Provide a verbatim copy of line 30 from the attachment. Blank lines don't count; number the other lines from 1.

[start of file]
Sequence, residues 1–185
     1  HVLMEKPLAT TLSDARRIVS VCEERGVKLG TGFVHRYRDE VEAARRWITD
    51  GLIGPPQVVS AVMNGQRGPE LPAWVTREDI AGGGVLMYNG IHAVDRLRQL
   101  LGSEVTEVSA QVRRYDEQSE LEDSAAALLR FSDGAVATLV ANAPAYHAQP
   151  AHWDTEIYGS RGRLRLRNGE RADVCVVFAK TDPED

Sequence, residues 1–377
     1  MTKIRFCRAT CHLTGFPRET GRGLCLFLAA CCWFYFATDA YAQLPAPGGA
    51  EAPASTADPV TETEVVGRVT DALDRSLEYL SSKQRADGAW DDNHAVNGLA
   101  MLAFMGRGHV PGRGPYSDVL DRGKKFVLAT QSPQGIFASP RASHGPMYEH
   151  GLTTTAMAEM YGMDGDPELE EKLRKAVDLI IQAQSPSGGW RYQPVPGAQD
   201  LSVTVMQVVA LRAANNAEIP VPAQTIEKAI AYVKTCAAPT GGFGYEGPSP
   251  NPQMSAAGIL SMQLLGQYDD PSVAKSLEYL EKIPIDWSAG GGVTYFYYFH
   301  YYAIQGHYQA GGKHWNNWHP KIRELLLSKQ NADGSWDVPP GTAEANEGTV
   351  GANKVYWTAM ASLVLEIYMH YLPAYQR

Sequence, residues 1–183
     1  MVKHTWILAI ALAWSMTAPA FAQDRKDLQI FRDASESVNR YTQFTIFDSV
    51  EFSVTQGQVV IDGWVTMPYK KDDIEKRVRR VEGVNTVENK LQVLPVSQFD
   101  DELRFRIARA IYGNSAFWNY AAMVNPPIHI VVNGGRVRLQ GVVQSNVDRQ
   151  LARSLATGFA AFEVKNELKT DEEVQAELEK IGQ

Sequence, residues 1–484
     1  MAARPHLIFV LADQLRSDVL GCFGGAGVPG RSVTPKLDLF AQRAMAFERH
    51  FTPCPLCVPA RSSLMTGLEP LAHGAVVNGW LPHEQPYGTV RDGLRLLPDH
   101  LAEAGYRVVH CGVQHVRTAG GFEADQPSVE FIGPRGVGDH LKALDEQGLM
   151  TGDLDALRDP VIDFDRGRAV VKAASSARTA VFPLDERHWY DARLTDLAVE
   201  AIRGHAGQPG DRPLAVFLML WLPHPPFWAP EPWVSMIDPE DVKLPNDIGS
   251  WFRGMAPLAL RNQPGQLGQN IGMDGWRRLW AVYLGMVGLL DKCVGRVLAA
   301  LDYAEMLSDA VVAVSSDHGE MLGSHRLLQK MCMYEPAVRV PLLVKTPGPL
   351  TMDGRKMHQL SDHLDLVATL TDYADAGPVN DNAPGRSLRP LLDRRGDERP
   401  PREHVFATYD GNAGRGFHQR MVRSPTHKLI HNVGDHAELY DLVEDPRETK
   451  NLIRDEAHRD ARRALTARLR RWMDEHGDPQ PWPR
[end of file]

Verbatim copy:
   451  NLIRDEAHRD ARRALTARLR RWMDEHGDPQ PWPR